We’ve discussed having an objective for every page on your website, and guiding a viewer through the process to reach that objective. One of the critical elements in this is the visual one, often referred to as the eye path. There’s a lot of good stuff on this online, such as the presentation titled No Unsupervised Thinking on Marketing Experiments. In my opinion, the most effective page designs strongly encourage the reader to start with the headline at the top, look at an image, read the text and take an action. The most obvious way to do this is to position them one above the other, with nothing either side, making it highly unlikely that the reader will do anything out of order, or get distracted. However, it can also be done in a two- or three-column layout if the reader can see the bottom of the page at first glance. This is the approach we take with the simple (but effective!) landing pages which we often set up for clients whose AdWords campaigns we manage. The advantage of this is that while taking in the page, readers see the whole process they’re about to go through. It’s unlikely that they’d do anything other than follow the eye path we’d want them to, which is headline, picture, text, action. Your website designer might find such simplicity a little uncomfortable, but the website’s effectiveness is what counts, not the designer’s desire to make things look more complicated than necessary.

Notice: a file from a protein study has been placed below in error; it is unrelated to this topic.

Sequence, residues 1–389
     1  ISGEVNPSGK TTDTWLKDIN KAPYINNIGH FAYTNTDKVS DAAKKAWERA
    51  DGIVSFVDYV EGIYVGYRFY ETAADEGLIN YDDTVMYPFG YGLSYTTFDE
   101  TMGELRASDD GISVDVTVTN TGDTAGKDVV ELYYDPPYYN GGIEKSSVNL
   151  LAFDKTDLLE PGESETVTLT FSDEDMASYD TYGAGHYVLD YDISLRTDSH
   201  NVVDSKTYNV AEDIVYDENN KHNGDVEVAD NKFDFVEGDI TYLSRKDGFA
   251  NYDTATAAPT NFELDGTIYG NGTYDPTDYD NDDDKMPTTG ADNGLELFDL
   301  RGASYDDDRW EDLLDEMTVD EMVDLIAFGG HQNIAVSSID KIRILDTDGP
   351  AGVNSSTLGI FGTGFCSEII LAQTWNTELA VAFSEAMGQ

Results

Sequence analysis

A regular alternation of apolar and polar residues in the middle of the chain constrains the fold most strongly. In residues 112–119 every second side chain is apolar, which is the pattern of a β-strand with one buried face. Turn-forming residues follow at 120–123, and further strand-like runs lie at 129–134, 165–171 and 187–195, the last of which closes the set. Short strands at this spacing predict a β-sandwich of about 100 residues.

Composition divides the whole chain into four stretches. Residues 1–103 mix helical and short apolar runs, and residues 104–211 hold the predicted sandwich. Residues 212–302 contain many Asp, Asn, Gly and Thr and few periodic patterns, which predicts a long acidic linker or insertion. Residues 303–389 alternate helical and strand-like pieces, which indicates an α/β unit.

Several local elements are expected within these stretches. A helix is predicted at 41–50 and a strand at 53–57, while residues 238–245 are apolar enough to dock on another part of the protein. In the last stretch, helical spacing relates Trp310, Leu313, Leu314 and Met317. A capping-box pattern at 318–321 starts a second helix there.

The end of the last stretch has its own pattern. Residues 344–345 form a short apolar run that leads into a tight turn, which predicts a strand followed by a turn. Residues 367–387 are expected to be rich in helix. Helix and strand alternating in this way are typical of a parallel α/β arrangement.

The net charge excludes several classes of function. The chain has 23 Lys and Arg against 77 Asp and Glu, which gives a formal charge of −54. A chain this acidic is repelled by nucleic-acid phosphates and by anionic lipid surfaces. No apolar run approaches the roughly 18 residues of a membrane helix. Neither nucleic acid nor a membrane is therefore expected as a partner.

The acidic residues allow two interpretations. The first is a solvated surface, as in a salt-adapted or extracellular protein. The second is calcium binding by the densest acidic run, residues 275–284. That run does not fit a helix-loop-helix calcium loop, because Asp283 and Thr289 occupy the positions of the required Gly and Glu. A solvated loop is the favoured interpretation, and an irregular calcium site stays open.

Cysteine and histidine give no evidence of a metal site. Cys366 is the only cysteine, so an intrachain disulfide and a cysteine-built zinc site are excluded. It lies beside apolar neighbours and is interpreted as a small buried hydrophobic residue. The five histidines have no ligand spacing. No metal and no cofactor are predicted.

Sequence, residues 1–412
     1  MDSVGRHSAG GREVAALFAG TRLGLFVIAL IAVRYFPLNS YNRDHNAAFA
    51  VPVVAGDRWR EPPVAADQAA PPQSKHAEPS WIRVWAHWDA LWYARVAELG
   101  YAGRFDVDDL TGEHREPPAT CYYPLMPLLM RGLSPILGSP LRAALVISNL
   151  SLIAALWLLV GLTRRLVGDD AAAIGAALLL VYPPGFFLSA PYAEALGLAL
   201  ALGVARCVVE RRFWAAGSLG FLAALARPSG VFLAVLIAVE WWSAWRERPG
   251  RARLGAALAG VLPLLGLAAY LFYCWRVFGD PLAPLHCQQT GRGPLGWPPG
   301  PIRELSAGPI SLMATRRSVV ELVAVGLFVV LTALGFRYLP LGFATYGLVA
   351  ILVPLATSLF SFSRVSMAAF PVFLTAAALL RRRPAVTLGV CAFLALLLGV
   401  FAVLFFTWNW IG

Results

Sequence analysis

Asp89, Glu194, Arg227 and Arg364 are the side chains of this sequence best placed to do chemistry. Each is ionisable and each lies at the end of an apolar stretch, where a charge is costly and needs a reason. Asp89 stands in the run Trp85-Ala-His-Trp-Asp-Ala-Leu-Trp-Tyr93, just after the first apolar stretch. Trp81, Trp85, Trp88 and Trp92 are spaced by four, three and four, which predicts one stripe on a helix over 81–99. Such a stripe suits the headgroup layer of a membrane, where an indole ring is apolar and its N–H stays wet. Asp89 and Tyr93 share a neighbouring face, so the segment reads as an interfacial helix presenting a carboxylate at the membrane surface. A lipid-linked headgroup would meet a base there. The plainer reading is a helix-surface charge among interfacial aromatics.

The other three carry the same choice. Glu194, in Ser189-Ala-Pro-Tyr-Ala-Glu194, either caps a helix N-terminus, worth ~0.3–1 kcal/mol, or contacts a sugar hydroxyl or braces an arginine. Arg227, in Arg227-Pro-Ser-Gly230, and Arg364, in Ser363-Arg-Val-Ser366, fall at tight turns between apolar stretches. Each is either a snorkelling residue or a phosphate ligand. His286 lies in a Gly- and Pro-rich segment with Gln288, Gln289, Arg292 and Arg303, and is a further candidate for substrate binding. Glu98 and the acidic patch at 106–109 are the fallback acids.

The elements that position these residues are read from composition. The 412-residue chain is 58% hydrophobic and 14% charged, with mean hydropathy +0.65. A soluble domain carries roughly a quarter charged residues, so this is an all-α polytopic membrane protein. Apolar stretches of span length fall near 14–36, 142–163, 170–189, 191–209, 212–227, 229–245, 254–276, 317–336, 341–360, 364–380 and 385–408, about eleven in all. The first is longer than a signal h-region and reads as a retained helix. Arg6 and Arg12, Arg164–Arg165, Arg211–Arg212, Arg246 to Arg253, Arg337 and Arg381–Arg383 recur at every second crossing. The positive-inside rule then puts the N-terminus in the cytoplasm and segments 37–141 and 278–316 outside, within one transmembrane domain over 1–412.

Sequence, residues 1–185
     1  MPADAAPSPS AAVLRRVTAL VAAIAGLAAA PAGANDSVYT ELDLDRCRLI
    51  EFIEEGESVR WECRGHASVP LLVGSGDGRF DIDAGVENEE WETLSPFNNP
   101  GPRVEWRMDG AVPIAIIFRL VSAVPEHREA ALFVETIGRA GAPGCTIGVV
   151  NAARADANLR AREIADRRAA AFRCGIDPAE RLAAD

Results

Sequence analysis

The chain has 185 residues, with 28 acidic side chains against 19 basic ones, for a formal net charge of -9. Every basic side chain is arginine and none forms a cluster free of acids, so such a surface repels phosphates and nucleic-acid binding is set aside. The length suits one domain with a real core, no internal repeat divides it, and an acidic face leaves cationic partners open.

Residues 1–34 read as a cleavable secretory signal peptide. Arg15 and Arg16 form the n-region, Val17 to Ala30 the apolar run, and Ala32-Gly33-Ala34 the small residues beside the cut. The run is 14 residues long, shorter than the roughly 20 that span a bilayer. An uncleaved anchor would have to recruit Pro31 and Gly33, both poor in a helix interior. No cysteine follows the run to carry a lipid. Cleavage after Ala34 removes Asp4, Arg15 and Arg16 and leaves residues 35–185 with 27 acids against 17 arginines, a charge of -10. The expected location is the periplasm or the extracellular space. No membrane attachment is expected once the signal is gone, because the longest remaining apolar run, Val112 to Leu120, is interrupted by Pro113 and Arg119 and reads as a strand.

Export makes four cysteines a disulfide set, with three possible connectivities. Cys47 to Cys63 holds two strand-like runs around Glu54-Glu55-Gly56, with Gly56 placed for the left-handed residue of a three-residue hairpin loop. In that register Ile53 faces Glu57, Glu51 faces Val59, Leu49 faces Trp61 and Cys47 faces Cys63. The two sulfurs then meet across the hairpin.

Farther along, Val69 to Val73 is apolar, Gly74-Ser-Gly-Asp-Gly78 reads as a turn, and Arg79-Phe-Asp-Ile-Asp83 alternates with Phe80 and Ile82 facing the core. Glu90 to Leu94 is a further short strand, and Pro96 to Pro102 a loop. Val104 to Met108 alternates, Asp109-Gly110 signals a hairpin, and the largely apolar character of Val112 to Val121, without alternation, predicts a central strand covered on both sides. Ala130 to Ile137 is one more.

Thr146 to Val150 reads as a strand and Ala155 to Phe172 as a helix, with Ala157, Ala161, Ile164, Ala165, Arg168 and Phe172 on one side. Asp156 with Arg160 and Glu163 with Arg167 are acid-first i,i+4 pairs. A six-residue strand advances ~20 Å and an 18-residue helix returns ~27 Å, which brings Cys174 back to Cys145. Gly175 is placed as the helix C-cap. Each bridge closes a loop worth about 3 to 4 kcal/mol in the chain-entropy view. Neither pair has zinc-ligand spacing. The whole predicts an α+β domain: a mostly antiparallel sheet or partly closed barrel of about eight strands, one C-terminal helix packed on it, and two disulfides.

Here’s a nice piece of landing page analysis, from the Marketing Experiments blog. In Landing Page Design: Eye Path vs. Thought Sequence, the author looks at those two concepts in relation to a real landing page. The confusion which might be caused by the eye path tempting the reader away from following the message is clear, and there are some excellent points made.
Despite the ubiquity of “social media”, from Digg to Facebook to Twitter, I don’t encourage our clients to spend a lot of time on it. That’s not because these various interactive web services aren’t of any use in the business world; far from it. However, there are more fundamental things to concentrate on for most companies before you get into the intricacies of using these services and sites to your advantage.